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Flashcards in Diabetes DIAL Deck (29):
1

What is the most definitive diagnosis of diabetes?

HbA1c of 7.2% or greater

2

What is the fastest way to check a patient's blood sugar level?

Dipstick blood glucose

3

What is the most accurate way to check a patient's current blood sugar level?

Serum glucose test

4

If a patient has RBCs with a shortened lifespan what would be considered as a reliable substitute to A1c test to check blood sugar levels?

Serum fructosamine test

5

What constitutes "severe" hypoglycemia?

Altered mental state AND blood sugar of 40 mg/dL or less (must be symptomatic for "severe")

6

What are the typical signs and symptoms of hypoglycemia?

Sweating
Bizarre behavior
Tremor
Coma

7

What is the best treatment for mild hypoglycemia?

Food

8

What patient would glucagon be most ineffective?

Alcoholic with low blood sugar

9

What is glucagon not effective in an alcoholic?

Because glycogen is absent in alcoholics

10

Why is glycogen absent in alcoholics?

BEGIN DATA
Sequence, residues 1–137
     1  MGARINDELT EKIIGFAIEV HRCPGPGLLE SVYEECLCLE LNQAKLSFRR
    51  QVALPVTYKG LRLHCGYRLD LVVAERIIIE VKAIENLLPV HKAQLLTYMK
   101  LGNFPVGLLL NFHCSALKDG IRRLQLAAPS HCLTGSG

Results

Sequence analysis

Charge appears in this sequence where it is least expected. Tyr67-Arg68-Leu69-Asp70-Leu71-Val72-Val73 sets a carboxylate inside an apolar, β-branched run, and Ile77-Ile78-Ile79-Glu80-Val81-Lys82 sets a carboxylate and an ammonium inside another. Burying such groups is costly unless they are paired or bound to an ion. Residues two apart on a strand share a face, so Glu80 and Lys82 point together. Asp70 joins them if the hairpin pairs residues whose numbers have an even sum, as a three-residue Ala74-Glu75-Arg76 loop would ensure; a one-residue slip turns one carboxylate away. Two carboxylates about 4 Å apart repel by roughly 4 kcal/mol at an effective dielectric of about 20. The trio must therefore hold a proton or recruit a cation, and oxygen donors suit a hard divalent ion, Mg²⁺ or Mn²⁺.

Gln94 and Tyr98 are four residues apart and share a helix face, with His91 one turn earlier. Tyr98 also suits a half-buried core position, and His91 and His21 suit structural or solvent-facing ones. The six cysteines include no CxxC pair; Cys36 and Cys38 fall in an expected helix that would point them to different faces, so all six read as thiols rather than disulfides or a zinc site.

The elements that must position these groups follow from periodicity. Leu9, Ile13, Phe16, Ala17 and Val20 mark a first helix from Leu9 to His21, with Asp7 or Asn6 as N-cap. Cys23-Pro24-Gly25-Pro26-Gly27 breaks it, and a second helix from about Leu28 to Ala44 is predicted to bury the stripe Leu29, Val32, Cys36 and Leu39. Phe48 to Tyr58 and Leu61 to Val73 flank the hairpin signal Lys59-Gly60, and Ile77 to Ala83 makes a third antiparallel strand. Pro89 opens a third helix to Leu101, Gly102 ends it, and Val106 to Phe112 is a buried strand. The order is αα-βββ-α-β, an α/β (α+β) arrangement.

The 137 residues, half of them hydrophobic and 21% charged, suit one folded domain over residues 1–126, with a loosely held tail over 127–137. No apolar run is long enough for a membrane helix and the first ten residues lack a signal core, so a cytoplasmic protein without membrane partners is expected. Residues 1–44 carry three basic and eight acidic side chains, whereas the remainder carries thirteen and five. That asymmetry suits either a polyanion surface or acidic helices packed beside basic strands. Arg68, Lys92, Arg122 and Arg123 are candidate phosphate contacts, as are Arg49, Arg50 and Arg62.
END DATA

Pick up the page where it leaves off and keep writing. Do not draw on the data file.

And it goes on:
Because ethanol is made into acetyl CoA and then FAs and cannot be formed into glycogen

11

What oral hypoglycemic agent is the most dangerous in an overdose for pediatrics?

Glipizide (sulfonylurea)

12

Why are sulfonylureas dangerous in overdose?

The onset can be up to 8 hours and even later, the problems may arise after patient left the ER and is already back home

13

What is the first line of treatment in the hospital if a patient has low plasma glucose?

Give IV glucose

14

What is the appropriate pediatric dose of glucose?

0.5-1 g/kg

15

What is meant by D10W, D25W and D50W?

D10= 10% volume is glucose
D25= 25% volume is glucose
D50= 50% volume is glucose
W= rest of the volume is water

16

What is the osmolarity of 5% glucose and the calculation?

280 mM
5g/mL x 1 mol/180g x 1000mL/1 L= 280

17

Why does DKA occur?

Insulin deficiency

18

What typically is the initial cause of DKA?

GI infections

19

What are typical signs of DKA?

Tachycardia
Tachypnea
Fever
Hypotension
Depressed mental status

20

Why does hypotension and fever occur in DKA?

Hypotension: GI infection leads to diarrhea and dehydration
Fever: GI infection

21

What hormone plays the largest role in ketosis?

Glucagon

22

What two metabolic acids are formed in the blood during DKA?

Acetoacetate
Beta-hydroxybutyrate

23

What is the dominant ketone body in circulation?

Beta-hydroxybutyrate

24

Why is acetoacetate not dominate in blood circulation?

Because it is not stable

25

What occurs to acetoacetate?

Breaks down losing a CO2 and is breathed out

26

What are typical inciting events for DKA?

MI
Sepsis
Inadequate insulin

27

What are the values of K and Na in metabolic acidosis?

K: high
Na: low

28

Anion gap in metabolic acidosis?

High (Na+K)-(Cl+HCO3)

29

Which ketone is tested for in urine dipstick and why?

Acetoacetate since it reacts with the sodium nitroprusside